What does QRP Mean?

  • QRP simply means transmitting on the Amateur Radio Bands using low power
  • Usually QRP power is 5 watts or less when using CW or other digital modes, while 10 watts or less is generally considered QRP when operating on SSB
  • There is a great sense of accomplishment when you make contacts, sometimes using very simple transmitters or transceivers, at QRP power levels
  • QRP can be used with virtually any mode. The new digital modes implemented through use of computer sound cards work very well using QRP power levels
  • QRPp usually refers to low power operation when the power of the transmitter is below 1 watt.
Here's an example of a QRPp transceiver. Actually smaller than a pack of cigarettes. The transceiver is named the "Rock Mite" and is a design by Small Wonder Labs (now available from QRPme since Dave of Small Wonder Labs has since retired). The kit (less case, jacks and controls) is about $40 and can be ordered for 80, 40, 30 or 20 meters. The standard power output is 500 milliwatts, however by swapping a few components (final, resistor and choke) you can raise the power output from between 1/2 to 1 watt.


This Rock Mite has been modified with a different final than the stock 2N2222A and will output about 750 milliwatts. I have worked over 10 states with this transceiver using nothing more than this, a 12 volt battery and a Butternut vertical antenna. The farthest state being Arizona (from Ohio). It only operates on two frequencies just around the standard QRP calling frequency of 14.060.

Lately I have gotten away from using the little kit QRP radios. They were fun to build and use, but now my predominate QRP radios are my TenTec Argonaut V (which in my opinion is far better than the new replacement model) and the Flexradio 1500 which is a Software Defined Radio (SDR) with a maximum output of 5 watts.


Above is the front view of the radio showing the power button, USB connection to the radio, phones, mic and CW key connection. The nice thing with this radio is because all control is done from the computer screen, the radio can be hidden out of sight. In my shack, the Flex-1500 is hidden behind the Kenwood TS-590.

Flex-1500 rear view

This is the rear view of the Flex-1500. I use the Flexwire I/O port on the back to interface to a Tokyo Hy-Power HL-45B RF Amplifier when I need a few extra watts. This Flex/THP Amp combination is more than adequate for normal QRP and QRO operation.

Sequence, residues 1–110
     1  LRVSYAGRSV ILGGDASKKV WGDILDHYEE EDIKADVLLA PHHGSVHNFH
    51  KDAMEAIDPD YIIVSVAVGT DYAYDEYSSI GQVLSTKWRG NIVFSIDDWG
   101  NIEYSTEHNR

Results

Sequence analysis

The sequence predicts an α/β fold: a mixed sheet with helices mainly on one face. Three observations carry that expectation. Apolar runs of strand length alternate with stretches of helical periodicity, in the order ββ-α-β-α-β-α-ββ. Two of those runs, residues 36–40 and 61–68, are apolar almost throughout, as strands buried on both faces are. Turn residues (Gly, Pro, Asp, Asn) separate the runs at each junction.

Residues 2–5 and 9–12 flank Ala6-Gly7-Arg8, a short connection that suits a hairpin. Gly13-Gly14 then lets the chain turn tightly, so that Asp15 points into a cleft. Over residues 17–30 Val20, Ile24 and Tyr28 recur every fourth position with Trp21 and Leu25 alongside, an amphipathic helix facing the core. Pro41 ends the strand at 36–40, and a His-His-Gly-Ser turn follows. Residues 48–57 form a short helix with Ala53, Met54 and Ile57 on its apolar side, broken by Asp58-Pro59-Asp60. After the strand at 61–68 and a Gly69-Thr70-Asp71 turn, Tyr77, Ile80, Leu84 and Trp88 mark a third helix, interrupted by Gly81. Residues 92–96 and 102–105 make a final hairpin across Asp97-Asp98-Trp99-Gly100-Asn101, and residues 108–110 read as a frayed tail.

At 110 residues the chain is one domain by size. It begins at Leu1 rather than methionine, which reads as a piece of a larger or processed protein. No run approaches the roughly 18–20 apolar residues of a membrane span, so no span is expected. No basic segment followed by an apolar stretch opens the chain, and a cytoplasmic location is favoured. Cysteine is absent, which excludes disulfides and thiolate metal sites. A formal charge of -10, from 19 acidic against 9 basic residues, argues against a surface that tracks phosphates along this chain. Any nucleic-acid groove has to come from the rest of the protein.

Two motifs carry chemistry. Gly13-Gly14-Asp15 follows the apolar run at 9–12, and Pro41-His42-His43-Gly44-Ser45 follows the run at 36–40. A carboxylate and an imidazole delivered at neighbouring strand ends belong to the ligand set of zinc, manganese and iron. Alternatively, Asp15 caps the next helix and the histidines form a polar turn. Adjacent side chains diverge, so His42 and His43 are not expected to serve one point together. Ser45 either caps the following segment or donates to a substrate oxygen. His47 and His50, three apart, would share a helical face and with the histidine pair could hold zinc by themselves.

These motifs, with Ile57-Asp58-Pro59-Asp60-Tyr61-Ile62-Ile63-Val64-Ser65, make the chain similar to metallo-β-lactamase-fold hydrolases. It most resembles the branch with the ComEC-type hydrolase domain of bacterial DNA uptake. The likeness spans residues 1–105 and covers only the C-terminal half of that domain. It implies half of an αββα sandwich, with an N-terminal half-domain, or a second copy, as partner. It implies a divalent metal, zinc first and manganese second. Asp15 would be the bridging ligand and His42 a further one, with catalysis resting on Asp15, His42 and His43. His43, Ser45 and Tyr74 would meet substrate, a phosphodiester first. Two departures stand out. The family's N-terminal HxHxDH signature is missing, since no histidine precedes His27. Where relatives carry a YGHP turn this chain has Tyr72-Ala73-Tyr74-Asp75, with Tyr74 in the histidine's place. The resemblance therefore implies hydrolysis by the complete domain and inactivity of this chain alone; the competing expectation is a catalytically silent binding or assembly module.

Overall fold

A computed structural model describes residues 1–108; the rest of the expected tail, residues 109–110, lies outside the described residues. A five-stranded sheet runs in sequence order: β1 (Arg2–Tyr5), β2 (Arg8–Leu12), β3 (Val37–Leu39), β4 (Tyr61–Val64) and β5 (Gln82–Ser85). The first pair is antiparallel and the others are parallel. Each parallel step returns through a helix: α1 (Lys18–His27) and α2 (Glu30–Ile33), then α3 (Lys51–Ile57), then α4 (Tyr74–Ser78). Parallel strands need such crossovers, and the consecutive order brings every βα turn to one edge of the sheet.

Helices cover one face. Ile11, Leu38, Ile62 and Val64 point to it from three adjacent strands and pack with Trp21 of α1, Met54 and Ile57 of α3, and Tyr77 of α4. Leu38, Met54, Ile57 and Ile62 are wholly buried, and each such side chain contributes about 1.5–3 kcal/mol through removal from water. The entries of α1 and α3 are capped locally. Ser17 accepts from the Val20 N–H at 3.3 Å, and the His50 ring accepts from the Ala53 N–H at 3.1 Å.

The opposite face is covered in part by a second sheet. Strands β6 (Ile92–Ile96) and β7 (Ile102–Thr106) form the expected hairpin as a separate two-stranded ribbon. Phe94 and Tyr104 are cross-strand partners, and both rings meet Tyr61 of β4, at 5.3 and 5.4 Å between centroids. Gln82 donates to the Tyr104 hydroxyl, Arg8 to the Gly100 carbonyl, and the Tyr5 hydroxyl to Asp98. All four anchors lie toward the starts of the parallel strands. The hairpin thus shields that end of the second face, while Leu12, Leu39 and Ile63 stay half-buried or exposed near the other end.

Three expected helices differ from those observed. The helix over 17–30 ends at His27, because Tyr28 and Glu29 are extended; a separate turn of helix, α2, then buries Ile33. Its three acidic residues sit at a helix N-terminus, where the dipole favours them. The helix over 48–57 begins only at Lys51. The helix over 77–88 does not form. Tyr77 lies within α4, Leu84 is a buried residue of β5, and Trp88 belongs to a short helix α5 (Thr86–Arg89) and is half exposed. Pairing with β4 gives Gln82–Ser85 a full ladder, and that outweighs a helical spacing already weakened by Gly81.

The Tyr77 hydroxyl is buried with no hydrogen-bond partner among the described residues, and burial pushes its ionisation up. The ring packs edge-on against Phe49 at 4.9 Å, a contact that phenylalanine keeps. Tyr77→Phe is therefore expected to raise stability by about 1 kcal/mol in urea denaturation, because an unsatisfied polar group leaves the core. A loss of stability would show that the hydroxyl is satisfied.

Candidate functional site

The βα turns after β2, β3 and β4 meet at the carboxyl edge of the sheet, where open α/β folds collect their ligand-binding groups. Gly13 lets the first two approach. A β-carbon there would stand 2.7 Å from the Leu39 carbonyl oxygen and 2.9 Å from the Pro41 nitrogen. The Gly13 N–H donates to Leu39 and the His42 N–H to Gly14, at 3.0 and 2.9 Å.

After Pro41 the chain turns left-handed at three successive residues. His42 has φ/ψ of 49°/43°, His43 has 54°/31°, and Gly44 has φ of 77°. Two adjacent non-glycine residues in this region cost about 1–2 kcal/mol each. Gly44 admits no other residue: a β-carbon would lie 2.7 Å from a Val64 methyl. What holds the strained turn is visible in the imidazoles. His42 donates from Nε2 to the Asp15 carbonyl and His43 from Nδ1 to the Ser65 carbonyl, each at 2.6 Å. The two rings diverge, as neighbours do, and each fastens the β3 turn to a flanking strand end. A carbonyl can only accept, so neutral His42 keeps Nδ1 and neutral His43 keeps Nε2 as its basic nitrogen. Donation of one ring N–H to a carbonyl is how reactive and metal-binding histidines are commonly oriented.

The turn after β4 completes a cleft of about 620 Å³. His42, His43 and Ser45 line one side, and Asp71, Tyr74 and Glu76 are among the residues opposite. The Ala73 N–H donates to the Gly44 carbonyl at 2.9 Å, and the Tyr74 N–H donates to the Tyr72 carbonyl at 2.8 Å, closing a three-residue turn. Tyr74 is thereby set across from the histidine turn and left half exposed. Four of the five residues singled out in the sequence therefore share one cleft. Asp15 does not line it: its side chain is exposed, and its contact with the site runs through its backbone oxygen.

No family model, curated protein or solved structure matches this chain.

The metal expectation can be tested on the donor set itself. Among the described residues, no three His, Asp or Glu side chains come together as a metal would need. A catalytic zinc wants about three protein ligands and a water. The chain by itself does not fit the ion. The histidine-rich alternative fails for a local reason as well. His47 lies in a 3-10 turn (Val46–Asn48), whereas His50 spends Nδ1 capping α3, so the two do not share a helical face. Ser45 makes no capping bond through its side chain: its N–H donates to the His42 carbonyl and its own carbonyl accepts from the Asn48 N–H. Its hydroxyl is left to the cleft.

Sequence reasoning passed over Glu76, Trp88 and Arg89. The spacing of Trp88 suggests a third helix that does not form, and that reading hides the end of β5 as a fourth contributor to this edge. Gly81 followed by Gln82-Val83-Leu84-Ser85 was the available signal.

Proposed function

When using a good pair of computer speakers, like the pair I use from Bose (Companion 2 Series II which are about $99 a pair from Amazon), the receive audio quality is like nothing you have ever heard on any other radio. When listening to CW or voice, it is like listening to high-fidelity stereo.

One complaint that many QRP CW ops have with this radio is that when they use the software to key the radio, there is some latency. I cannot say one way or another because I use a separate program, with a simple CW serial keying interface (see information below) to key the radio directly. Or, for the CW purest, you can just connect the key or keyer to the "key" port on the front of the radio. Any time you are using the front "key" port, there are no issues with CW.

The Flex-1500 makes it so easy and fun to operate CW, SSB or any of the digital modes. Ham Radio Deluxe (HRD) can easily interface to the PowerSDR® which is the software which runs on Windows® to control the Flex-1500. With HRD is an integrated digital mode program, DM-780, which makes it easy to operate digital modes and have computer control of the Flex-1500.

I have a 1000 Miles per Watt award from ARCI using the Flex-1500 at 4 watts and worked an Italian station using JT-65. According to the award serial number, I was the 4th ham to get the 1000 Miles per Watt award using JT-65.

Simple CW Keying Interface

While not a big CW buff as you might expect, since it seems all QRPers seem to be CW buffs, I do use it. But I have never been a big fan of hand keys, bugs or keyers. Standard hand keys make my hands cramp, bugs drive me nuts to try and copy them (it just sounds so unnatural), and I am just not coordinated enough to use a keyer. Given those options, what's a ham to do for CW?

The simple answer is use a keyboard on the computer! Now I love to send CW.

I have built several of these simple CW Interface units. Schematic of the simple circuit is below. I actually build the circuit into the hood of a DB9 9 pin serial port connector.

CW Opto Coupler Interface

It only uses three components. A 1.2K 1/4 watt resistor, a 1N914 diode, and finally a 4N35 optocoupler or its equivalent. You can build this circuit in about an hour. If your computer no longer has a serial port, you can use a serial-to-USB adapter with it which works just as well as a native serial port.